U.S. President Donald Trump has called on Saudi Arabia to increase its military spending, with an eye on more weapons sales to the "rich" kingdom.
Speaking at a campaign rally in West Virginia on Saturday, Trump said he had complained that Washington was not getting what it should from Saudi Arabia during a phone conversation with King Salman bin Abdulaziz Al Saud.
Trump said he had told King Salman that Riyadh has "trillions of dollars" and could pay its military bills.
"I love Saudi Arabia. They are great, King Salman, I spoke with him this morning. I said, king, you have got trillions of dollars. Without us, who knows what’s going to happen. .... With us they are totally safe. But we don’t get what we should be getting," he said.
Trump further threatened to end what he claimed to be subsidies for the Saudi military.
"We are subsidizing their military. I said let me ask you a question. Why are we subsidizing the military — it’s one thing if a country is in deep trouble and in danger," he noted. "I said 'Saudi Arabia, you are rich, you have got to pay for your military. You have got to pay for your military, sorry'."
Last year, the U.S. president signed the largest arms deal in history with Saudi Arabia despite warnings that he could be accused of being complicit in the regime's war crimes in Yemen.
During Trump's visit to Riyadh in May 2017, Saudi Arabia agreed to buy $110 billion worth of US weapons and signed "investment" deals worth billions more.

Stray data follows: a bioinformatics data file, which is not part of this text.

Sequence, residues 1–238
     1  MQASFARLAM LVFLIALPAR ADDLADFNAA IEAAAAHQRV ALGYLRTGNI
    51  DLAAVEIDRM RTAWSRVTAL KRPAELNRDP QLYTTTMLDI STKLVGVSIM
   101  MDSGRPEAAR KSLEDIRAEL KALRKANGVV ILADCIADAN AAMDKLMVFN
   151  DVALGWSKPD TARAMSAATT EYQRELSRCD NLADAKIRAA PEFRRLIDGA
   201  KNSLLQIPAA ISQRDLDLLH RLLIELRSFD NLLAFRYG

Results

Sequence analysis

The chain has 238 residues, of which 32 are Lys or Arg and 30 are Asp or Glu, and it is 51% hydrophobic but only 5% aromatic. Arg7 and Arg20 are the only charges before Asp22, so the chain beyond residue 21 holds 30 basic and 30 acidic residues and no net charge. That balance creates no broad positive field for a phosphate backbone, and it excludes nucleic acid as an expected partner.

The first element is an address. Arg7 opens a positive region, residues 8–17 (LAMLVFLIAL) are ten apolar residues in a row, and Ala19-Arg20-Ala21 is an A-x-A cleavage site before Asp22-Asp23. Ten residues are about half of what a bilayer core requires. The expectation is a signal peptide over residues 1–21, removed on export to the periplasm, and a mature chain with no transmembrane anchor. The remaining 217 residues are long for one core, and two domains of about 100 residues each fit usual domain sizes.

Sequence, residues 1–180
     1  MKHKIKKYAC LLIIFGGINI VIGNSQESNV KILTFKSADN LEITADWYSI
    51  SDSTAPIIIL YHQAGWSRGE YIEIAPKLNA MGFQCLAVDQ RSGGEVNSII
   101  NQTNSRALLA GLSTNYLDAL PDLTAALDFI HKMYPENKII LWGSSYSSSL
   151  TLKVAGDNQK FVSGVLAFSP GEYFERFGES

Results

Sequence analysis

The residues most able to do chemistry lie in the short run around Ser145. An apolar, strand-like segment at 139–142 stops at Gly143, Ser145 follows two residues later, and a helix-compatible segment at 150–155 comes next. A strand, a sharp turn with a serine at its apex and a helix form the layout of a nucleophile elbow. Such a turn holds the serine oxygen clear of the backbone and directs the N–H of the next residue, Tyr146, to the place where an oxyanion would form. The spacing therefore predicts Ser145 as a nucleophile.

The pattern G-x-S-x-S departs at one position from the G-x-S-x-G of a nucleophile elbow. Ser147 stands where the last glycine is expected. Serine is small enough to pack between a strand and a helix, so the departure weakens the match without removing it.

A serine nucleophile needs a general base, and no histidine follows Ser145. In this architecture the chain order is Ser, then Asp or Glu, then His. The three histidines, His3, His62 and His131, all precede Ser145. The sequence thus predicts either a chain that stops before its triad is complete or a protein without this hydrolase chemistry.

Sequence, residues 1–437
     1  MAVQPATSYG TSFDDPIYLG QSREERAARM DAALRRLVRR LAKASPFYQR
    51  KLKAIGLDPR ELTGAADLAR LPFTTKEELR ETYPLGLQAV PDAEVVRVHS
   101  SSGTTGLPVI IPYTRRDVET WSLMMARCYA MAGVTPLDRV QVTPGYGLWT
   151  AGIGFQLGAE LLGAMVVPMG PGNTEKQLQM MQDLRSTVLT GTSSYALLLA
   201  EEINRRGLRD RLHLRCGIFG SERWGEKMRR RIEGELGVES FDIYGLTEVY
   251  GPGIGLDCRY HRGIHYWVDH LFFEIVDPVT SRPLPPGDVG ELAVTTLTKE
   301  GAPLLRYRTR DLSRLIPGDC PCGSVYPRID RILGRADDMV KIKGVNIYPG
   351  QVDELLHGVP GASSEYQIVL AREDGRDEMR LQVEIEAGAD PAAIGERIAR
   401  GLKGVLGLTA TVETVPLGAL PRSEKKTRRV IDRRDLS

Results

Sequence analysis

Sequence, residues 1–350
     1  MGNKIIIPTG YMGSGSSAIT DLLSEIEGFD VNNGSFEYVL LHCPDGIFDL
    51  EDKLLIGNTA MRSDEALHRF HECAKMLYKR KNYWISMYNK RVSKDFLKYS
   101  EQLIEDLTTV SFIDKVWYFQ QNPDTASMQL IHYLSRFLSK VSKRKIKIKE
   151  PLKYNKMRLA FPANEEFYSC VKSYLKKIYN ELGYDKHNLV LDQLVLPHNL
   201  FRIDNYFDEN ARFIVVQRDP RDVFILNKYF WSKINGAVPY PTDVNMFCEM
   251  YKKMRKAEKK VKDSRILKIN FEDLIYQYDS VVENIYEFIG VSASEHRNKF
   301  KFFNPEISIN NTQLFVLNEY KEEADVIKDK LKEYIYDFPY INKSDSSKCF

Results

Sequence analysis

The kingdom has one of the highest rates of spending on its military in the world, which stood at 10.3 percent of its Gross Domestic Product (GDP) in 2017, according to World Bank data.
Analysts say Trump is milking wealthy Persian Gulf Arab countries and exploiting conflicts in the Middle East to boost U.S. arms sales to the oil-rich states.
Before his presidency, Trump described Saudi Arabia as "a milk cow" which would be slaughtered when its milk runs out.
Saudi Arabia and its allies launched a brutal war, code-named Operation Decisive Storm, against Yemen in March 2015 in an attempt to reinstall the country's former Riyadh-allied regime and crush the Houthi Ansarullah movement.
The Western-backed imposed war, however, has so far failed to achieve its stated goals, thanks to stiff resistance from Yemeni troops and allied Houthi fighters.
This article has been adapted from its original source.
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